Cast aside all those meme-worthy notions of pixelated monkeys in beanies and weed-smoking lion Twitter profile icons. Whether you care to admit it or not, the NFT revolution has actually proven to be a net positive for artists like New York-based Aussie talent: David McLeod.
Throughout history, the arts have always had its patrons. From the Medicis to the Guggenheims and every other cultural dynasty in between, culture thrived under the admiring eye of those who could not create. These days, however, like many aspects of modern life, art patronage has been democratised. You no longer need the name – or money – of the Medicis and Guggenheims to secure a piece of the action.
In fact, during the pandemic, the NFT art market experienced a tremendous boom. Amassing over $23 billion in trades this year alone, it’s now taking a considerable step towards mass adoption. Prolific venture capitalists, big-name brands, and celebrities are all clamouring to get involved – resulting in a fresh injection of approximately $27 billion, according to the Dapp Radar industry report (2021).
Ahead of his latest NFT-inspired masterpieces being unveiled at Satellite – Sydney’s first major international NFT exhibition – we sat down with David McLeod for a quick chat about the exceedingly contemporary union between blockchain and art.
David McLeod Interview
There’s an idea about what NFTs entail in the mainstream. But as an artist, what does it mean for you?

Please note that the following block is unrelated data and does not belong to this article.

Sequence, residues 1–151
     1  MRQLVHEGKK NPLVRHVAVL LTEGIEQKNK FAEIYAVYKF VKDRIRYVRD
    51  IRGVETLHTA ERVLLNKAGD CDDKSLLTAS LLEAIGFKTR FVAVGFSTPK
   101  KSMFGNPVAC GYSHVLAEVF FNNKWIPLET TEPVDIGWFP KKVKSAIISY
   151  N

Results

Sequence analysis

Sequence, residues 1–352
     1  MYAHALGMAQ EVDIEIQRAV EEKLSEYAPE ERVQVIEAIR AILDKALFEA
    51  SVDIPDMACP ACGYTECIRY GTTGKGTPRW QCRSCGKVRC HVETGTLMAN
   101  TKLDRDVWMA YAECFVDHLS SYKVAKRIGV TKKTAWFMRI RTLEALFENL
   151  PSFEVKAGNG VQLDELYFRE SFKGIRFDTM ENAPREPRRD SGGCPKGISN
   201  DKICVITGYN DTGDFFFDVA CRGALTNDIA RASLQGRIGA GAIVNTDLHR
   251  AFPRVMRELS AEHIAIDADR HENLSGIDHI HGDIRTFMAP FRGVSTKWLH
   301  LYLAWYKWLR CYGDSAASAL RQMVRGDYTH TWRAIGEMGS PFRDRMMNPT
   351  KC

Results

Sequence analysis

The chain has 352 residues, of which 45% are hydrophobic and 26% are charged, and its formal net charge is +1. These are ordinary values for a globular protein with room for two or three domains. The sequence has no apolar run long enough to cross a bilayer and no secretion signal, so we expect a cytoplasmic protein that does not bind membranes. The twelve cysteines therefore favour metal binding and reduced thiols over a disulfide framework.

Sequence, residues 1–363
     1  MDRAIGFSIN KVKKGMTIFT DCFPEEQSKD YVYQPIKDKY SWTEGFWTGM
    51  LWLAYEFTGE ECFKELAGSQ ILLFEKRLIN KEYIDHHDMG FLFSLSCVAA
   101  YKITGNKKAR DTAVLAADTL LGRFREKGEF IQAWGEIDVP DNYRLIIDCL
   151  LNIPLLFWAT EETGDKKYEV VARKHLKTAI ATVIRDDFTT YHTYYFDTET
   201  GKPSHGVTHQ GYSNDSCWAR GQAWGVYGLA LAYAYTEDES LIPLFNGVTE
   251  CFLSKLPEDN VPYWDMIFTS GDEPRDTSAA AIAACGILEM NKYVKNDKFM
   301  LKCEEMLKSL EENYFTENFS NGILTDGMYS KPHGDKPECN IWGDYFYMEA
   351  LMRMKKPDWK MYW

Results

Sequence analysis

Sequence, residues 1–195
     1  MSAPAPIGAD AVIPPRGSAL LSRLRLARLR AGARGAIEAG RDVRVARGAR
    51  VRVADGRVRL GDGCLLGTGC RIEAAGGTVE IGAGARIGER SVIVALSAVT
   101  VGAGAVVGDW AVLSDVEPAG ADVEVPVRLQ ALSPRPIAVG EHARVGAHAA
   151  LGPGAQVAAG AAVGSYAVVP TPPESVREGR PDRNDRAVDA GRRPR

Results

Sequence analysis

NFTs have certainly made me think in a new way about my art practice. Before NFTs, there was a gap between my personal work and commercial projects. My personal art practise was something I did purely for enjoyment, and the commercial projects were usually the result of them. However, with the arrival of NFTs, my personal work is in itself something that people can collect.
Is this movement an opportunity to convert those who otherwise wouldn’t have paid attention to art?
Yes, absolutely! All the news surrounding NFTs has put digital art in front of people who perhaps otherwise wouldn’t have been aware of it, which is obviously a great thing for both parties.
How has the introduction of NFTs influenced your approach to art in the present day?
I’m now thinking about how my work can live beyond just a visual, and instead be experienced in a new way that is only made possible through an NFT smart contract. While there is a lot of hype surrounding the concept of the metaverse, I’m very excited by the idea of exploring how we will interact and engage with virtual objects in the future.
Walk us through what you’ll be exhibiting at Satellite?
For ‘Satellite,’ I’ll be showing three motion pieces in a series titled Dissolve/Resolve. Each piece is an abstract representation of a flower that is both falling apart and reforming at the same time. These pieces are a visual metaphor for the creative process – how the journey of realising an idea can often involve it evolving, changing, and at times slipping in and out of focus.
Where do you foresee the world of NFTs will be years from now at the current trajectory?
Although not limited to, the majority of discussion surrounding NFTs is centred around digital art or tech-related projects. The nature of the technology itself has much broader applications that I believe will become a part of everyone’s lives in time.
For a limited time, you can witness the work of David McLeod firsthand and free of charge at the Satellite NFT exhibition – which will be hosted at Twenty Twenty Six Gallery in Bondi Beach starting from today right through to April 3rd of 2022.
Find out more below.